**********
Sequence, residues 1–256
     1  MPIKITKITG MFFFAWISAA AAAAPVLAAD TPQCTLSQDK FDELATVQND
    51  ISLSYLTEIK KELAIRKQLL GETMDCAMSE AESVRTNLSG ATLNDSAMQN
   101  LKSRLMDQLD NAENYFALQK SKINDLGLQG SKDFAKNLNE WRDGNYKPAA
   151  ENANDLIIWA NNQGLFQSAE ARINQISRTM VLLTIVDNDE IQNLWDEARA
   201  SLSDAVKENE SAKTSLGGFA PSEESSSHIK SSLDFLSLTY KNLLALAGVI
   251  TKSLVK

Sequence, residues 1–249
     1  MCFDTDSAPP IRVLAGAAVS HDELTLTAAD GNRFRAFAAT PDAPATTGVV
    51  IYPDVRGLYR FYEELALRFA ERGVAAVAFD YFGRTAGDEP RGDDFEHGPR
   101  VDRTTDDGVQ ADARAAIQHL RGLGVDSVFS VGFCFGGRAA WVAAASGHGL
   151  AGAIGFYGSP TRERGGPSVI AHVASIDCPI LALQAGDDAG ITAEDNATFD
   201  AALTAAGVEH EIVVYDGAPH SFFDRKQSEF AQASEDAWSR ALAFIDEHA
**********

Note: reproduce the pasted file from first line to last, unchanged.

Sequence, residues 1–256
     1  MPIKITKITG MFFFAWISAA AAAAPVLAAD TPQCTLSQDK FDELATVQND
    51  ISLSYLTEIK KELAIRKQLL GETMDCAMSE AESVRTNLSG ATLNDSAMQN
   101  LKSRLMDQLD NAENYFALQK SKINDLGLQG SKDFAKNLNE WRDGNYKPAA
   151  ENANDLIIWA NNQGLFQSAE ARINQISRTM VLLTIVDNDE IQNLWDEARA
   201  SLSDAVKENE SAKTSLGGFA PSEESSSHIK SSLDFLSLTY KNLLALAGVI
   251  TKSLVK

Sequence, residues 1–249
     1  MCFDTDSAPP IRVLAGAAVS HDELTLTAAD GNRFRAFAAT PDAPATTGVV
    51  IYPDVRGLYR FYEELALRFA ERGVAAVAFD YFGRTAGDEP RGDDFEHGPR
   101  VDRTTDDGVQ ADARAAIQHL RGLGVDSVFS VGFCFGGRAA WVAAASGHGL
   151  AGAIGFYGSP TRERGGPSVI AHVASIDCPI LALQAGDDAG ITAEDNATFD
   201  AALTAAGVEH EIVVYDGAPH SFFDRKQSEF AQASEDAWSR ALAFIDEHA